"Better not," said Angie. "We might get lost."
Pen resumed her hopping on one foot. When she looked down at the ground she noticed she was hopping on a red spot. Then she noticed that a red spot on the front of her shirt seemed to be sliding down toward the hem. When it got to the bottom edge of the shirt, the spot slid right off, dropped onto the ground, bounced, and began rolling on its edge. "Angie," Pen shouted, my spots are falling off."
Before Angie knew it, she and Pen were running after the remarkable rolling spot. The bright squirrel raced behind them. After a while, the spot slowed and stopped and dropped over onto its side, where it lay still. Angie stopped to pick it up and put it in her pocket. As she knelt on the ground, she noticed one of her own spots sliding off the shoulder of her shirt and down the sleeve till it came to the end and fell to the ground. Like the first spot, this one rolled merrily, bouncing as it hit twigs and stones. The girls followed after it, racing to keep up. As each spot came to a stop, another one would fall from the shirt of one girl or the other and the girls would run in back of it, shouting in excitement.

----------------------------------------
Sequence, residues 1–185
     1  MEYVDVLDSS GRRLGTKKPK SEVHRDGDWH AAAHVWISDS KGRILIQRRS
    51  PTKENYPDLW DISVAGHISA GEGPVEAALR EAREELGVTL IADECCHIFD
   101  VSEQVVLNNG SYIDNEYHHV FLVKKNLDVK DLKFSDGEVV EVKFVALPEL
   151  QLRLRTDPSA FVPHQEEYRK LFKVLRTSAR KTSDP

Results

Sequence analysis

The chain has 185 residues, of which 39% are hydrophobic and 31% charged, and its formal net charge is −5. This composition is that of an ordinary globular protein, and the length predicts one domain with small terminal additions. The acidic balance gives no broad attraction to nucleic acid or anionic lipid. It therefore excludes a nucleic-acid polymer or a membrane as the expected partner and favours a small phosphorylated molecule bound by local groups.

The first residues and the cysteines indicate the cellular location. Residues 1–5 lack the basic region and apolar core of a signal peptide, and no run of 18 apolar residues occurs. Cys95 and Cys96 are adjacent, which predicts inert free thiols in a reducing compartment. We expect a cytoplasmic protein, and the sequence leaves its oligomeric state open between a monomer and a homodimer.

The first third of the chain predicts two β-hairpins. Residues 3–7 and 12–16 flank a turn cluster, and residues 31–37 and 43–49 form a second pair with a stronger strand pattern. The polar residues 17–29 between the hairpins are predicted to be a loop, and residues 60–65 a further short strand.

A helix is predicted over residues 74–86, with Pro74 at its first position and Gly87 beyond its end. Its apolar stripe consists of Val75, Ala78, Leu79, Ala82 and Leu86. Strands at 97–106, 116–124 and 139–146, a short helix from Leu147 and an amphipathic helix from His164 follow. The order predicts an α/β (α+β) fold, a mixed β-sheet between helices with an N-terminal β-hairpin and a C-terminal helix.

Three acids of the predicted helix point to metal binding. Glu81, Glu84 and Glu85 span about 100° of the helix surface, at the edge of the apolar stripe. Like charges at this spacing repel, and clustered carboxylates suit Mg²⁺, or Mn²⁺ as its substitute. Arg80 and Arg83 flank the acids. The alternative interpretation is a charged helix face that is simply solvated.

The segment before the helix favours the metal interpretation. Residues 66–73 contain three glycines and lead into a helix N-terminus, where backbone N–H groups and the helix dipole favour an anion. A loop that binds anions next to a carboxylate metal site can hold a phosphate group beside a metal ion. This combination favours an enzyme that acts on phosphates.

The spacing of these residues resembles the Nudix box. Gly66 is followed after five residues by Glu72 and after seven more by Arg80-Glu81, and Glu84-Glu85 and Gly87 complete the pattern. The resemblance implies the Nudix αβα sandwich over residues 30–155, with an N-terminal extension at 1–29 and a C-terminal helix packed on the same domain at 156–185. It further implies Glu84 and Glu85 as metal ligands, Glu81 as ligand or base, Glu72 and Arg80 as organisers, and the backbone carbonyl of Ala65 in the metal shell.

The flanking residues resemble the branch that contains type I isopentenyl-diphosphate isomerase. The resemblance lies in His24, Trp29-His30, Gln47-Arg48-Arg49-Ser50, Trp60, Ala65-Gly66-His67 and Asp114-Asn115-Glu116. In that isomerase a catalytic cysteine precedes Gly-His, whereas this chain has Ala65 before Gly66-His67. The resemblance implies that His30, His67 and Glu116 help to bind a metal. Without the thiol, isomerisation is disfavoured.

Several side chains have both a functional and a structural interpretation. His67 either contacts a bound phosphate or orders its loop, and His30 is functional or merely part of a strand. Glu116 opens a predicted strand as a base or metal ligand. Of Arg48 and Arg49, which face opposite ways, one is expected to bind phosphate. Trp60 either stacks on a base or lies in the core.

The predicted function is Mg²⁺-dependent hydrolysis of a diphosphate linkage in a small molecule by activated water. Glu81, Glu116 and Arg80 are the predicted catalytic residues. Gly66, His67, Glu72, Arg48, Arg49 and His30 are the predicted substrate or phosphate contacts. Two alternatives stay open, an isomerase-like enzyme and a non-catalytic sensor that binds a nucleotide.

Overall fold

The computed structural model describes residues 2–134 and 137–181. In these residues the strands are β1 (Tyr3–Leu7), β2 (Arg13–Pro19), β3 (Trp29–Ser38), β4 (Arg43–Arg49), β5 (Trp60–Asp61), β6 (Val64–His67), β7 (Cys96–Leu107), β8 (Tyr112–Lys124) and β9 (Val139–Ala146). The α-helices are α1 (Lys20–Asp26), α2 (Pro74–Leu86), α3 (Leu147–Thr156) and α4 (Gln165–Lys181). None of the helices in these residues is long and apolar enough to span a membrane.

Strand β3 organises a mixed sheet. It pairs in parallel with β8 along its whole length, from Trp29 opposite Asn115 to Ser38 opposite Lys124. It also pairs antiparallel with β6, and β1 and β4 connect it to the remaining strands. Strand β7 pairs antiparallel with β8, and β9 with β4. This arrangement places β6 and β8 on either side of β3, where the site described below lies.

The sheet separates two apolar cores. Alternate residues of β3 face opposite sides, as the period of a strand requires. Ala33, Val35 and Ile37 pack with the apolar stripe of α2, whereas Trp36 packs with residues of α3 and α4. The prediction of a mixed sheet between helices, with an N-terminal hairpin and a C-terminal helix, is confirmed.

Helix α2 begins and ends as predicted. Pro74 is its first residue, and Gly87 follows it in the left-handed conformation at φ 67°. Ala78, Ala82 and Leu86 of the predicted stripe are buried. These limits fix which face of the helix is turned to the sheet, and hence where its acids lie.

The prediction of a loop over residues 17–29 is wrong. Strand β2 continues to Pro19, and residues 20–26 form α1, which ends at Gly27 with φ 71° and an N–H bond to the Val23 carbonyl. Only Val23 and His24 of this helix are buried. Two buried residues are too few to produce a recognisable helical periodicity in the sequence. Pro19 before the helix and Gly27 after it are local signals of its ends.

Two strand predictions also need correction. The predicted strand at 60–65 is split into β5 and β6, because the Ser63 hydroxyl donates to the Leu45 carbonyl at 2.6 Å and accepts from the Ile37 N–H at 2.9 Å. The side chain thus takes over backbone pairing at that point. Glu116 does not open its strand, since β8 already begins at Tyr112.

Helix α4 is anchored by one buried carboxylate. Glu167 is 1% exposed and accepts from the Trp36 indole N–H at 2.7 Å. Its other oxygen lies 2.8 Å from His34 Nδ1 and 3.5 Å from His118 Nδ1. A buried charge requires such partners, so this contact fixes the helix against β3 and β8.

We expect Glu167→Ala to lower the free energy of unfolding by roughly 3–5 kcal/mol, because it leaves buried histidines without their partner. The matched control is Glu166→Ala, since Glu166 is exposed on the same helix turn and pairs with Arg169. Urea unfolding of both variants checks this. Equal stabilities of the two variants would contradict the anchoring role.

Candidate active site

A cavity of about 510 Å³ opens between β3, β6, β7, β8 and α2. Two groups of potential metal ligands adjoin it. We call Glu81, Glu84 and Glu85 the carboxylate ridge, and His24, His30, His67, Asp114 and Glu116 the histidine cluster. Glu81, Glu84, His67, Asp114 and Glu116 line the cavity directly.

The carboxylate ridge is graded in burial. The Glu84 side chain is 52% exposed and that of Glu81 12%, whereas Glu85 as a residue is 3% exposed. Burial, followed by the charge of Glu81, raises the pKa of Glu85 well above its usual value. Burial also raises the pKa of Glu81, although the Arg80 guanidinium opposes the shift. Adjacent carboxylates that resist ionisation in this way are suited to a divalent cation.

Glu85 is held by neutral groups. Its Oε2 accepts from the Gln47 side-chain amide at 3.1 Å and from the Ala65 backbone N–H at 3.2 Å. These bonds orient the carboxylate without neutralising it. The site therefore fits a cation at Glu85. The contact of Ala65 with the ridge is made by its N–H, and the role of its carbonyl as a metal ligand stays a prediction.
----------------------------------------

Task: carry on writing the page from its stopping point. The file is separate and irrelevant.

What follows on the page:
"Hey, Angie," Pen said after a while. "My spots stopped falling."
"Mine, too," Angie said, looking down at the few spots remaining on her shirt, which seemed as firmly attached as brand new teeth. Angie and Pen sat down on a log, tired and out of breath, but delighted. Pen looked up to the sky and was amazed to see the red smoke dropping down from the sky and entering the woods not far beyond them. "Look," she said in a voice that was unusually soft. She fingered her whistle nervously. "A house." She pointed to where she could just make out the outlines of a little house whose chimney puffed out red smoke. The smoke rose from the chimney in lovely loops, like cursive writing, though Pen couldn't make out any words. The house itself was a plain square house, with a very pointed roof. It had two rather large windows up above. It also had a small brown pointed roof over the door that made it look as if the door were wearing a wooden hat. A dirt path led to the door.
So there it is, Angie said in the privacy of her thoughts. It seems a very pleasant, ordinary house. "I wonder who lives there," she said to Pen. Who would live in a little house such as this one, with red smoke dancing from the chimney, and no neighbors but the birds and the chipmunks?